"There are a whole lot of us," he says. "And it's important for us to come out of the woodwork and say this is who we are."

Mattson sees this as a critical juncture that could shape Islam in America for decades.

"We as Muslims have an obligation to care about justice issues wherever we live," she says. "It's not enough to simply collect funds and send them overseas, or agitate for political rights of Palestinians and other Muslims. We have to care equally about bad public schools and the lack of health care for poor people.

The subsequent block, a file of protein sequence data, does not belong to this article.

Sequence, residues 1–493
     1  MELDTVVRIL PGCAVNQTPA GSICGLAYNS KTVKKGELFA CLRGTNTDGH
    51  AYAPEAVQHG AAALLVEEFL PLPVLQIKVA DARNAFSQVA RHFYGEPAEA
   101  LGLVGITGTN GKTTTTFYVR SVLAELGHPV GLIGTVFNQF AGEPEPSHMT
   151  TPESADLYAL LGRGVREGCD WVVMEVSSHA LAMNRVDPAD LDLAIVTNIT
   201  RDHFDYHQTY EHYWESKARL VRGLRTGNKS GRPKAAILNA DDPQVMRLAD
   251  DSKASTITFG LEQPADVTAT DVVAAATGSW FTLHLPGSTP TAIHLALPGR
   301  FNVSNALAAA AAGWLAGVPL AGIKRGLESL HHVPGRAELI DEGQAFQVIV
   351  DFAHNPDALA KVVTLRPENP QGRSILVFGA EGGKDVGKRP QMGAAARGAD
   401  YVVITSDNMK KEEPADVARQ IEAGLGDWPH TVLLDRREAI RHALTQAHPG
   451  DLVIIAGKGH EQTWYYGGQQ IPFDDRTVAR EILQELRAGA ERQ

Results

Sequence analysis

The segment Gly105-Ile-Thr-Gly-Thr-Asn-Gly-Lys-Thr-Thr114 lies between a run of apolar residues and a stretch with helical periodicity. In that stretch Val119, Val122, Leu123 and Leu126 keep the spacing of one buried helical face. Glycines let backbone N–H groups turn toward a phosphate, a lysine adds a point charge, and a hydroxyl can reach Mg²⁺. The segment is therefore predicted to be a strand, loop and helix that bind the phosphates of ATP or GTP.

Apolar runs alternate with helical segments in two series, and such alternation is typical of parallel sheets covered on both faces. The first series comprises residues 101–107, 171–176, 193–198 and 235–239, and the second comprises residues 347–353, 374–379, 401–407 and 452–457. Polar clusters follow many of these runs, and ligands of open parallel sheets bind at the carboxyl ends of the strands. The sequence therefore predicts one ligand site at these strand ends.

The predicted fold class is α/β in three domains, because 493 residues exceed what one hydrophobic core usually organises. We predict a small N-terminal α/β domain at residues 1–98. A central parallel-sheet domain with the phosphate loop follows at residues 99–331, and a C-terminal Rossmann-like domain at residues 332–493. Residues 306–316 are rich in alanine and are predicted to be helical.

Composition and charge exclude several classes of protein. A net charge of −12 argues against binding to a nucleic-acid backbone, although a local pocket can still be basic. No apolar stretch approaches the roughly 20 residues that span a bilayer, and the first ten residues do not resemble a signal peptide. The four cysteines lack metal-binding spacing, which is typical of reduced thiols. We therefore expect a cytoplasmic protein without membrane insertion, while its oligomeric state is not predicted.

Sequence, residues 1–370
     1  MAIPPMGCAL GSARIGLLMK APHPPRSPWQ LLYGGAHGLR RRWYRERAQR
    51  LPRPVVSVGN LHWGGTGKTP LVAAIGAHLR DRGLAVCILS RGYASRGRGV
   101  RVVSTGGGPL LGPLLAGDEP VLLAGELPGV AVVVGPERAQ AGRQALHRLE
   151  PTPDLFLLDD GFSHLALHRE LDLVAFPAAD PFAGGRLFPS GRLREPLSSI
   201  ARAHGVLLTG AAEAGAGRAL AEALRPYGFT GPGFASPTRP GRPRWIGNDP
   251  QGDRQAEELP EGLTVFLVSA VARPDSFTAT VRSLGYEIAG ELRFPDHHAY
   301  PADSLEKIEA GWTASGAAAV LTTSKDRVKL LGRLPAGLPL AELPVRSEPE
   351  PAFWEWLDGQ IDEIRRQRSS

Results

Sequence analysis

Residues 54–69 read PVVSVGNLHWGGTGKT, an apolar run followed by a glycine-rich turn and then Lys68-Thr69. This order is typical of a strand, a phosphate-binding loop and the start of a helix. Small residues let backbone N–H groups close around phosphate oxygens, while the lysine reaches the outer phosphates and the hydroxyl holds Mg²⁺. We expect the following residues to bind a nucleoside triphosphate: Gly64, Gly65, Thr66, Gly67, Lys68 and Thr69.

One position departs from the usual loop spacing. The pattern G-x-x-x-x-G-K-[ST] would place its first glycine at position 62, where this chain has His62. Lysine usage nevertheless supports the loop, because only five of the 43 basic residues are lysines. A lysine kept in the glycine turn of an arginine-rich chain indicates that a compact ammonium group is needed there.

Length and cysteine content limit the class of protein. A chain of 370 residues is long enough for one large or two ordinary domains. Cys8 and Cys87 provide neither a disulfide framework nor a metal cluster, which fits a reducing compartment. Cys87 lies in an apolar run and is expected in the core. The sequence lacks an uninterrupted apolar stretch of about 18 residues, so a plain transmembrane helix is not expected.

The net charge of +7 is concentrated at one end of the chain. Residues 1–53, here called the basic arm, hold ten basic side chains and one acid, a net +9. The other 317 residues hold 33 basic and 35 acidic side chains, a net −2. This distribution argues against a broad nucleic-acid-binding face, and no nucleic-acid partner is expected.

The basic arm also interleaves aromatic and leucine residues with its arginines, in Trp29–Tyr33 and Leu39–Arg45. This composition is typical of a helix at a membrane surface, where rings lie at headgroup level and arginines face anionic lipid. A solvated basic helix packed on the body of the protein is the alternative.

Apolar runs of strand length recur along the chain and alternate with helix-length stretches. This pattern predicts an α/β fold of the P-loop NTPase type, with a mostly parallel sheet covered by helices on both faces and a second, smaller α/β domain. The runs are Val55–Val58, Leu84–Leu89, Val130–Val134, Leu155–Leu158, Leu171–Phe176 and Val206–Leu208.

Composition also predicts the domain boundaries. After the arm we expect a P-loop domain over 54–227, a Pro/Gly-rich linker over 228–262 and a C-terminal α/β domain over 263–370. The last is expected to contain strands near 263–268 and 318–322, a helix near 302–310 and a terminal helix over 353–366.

"If we're going to live in this country," she says, "we have an obligation to care about the welfare of the people in this country."

And the irony is: While much of the Muslim world professes to hate the United States and its liberated, Western ways, it is Muslims here--among the freest, best-educated and richest in the world--who ultimately may hold the real key to empowering Islam.

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